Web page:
Godzilla Singular Point is a Japanese series that released on Netflix on 24th June 2021. I had never bothered to venture into the genre of anime before this, finding it a bit overrated, but Godzilla Singular Point was a pleasant surprise.
The anime series is a Netflix original, with a total run time of approximately 5 hours. It is divided into 13 episodes, all 24 minutes long. This makes it the perfect show to binge-watch in a single sitting. And believe me, when I say, you wouldn’t want to press pause anyway.
Godzilla Singular Point is set 9 years into the future, that is, in the year 2030. It is set mainly in Japan and India. It most accurately falls into the genre of Science Fiction and Dystopia. The anime revolves around mythical creatures arising out of distant skies and deep oceans, apparently attracted by radiowaves. Although the initial onslaught of these creatures is intense enough, things get progressively worse.
In fact, as each new creature that emerges is stronger than the ones that preceded it, people begin to think that this may be the end of the universe as we know it. Netflix summarises it as:
Brought together by a mysterious song, a graduate student and an engineer lead the fight against an unimaginable force that may spell doom for the world.
Although this description does no actual justice to the anime series, Godzilla Singular Point is much more than just another sci-fi dystopian series. The science involved can get a little difficult to understand at times, considering that it talks about time travel and prophecies, but the creators do their best to illustrate their point. They use simplified animation and metaphors to try and explain the complications of space-time and its distortions. Once you get into the show, they become easier to understand and follow as the anime series progresses.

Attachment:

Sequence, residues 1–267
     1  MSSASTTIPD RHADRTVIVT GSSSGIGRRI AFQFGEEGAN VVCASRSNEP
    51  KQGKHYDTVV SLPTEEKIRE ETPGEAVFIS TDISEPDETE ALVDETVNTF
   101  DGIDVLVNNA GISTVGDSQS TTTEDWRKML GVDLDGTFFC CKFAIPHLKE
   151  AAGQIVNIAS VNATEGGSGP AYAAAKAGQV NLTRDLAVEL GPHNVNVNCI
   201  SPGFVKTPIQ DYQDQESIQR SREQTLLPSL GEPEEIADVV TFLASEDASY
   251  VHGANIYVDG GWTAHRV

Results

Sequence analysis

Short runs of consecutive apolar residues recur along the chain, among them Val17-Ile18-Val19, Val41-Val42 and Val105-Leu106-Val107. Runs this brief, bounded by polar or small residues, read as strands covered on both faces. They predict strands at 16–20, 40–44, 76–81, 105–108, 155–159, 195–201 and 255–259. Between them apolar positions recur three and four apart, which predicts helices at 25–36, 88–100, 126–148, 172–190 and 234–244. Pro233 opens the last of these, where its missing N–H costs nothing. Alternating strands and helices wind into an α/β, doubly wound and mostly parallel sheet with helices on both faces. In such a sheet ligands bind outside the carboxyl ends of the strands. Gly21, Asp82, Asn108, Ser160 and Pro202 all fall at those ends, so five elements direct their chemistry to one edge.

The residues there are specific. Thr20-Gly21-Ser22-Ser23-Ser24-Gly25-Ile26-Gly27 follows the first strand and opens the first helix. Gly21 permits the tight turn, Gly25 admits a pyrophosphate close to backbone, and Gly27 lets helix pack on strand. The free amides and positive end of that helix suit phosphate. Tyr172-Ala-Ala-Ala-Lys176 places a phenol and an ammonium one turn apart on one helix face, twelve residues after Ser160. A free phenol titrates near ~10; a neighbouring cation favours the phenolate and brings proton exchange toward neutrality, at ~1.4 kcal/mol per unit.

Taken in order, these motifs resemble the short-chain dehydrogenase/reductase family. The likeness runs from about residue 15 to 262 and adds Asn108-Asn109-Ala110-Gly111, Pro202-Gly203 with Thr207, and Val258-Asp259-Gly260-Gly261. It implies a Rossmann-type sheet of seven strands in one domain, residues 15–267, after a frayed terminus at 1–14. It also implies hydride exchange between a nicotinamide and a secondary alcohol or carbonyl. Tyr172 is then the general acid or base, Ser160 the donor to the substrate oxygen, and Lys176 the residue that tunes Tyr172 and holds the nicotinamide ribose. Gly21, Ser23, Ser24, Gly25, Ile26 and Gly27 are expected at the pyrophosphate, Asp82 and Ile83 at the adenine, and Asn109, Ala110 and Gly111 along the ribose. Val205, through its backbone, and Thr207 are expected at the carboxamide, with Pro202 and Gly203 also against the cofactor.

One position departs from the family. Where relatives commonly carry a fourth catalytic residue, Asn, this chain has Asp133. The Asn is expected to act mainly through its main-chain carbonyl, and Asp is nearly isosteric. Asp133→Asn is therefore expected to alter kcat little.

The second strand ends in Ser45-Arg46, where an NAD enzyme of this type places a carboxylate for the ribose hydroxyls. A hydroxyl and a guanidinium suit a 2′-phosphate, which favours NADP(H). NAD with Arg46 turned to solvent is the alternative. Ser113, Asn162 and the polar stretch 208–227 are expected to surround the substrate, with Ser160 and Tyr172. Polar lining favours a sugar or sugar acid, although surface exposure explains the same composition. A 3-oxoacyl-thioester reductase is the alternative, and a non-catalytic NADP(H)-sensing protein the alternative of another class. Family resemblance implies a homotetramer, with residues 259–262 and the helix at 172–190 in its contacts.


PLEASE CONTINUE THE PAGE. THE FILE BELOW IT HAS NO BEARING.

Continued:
It follows two different students, one who specializes in AI design and robotics and the other in the biological study of mythical creatures. Although they never meet, they seem to work in sync to save the world from “The Catastrophe” that was predicted by an eccentric genius, 50 years ago.
India and its culture seems to play a huge role in this anime series. The main laboratory dedicated to the research around these strange creatures is located in India. And while we don’t want to spoil too much in our Godzilla Singular Point review, a particular Indian folk song is featured multiple times throughout the anime series.
In fact, one of my favorite parts about Godzilla Singular Point is the way it mixes in equal parts Japanese mythology and science.
The show, from its very beginning, introduces an adaptive AI with a personality, and an ability to synthesize human emotions. While this may seem like a recipe for disaster, (*cough cough* Stanley Kubrick *cough cough*) the anime series avoids the whole “AI going rogue and going on a killing spree” trope, and we’re grateful for it. Here, the AI plays a pivotal role, almost like a character in itself.
Final Verdict: Godzilla Singular Point Season 1
Although I had been staring at a screen continuously for the last 5 hours, my back hurt, and I had another assignment to finish, I was sorry to see Godzilla Singular Point end. This has quickly become one of my favorite animated shows to watch. It was nothing like I expected, but hey, I’m not complaining. One last thing to keep in mind before streaming the show: This anime series is not related to the previous Godzilla movies in any way, shape or form.
The English subtitles are very badly translated on Netflix, and so you can switch to an English dubbed version too. Don’t miss this one. Stream Godzilla Singular Point here on Netflix.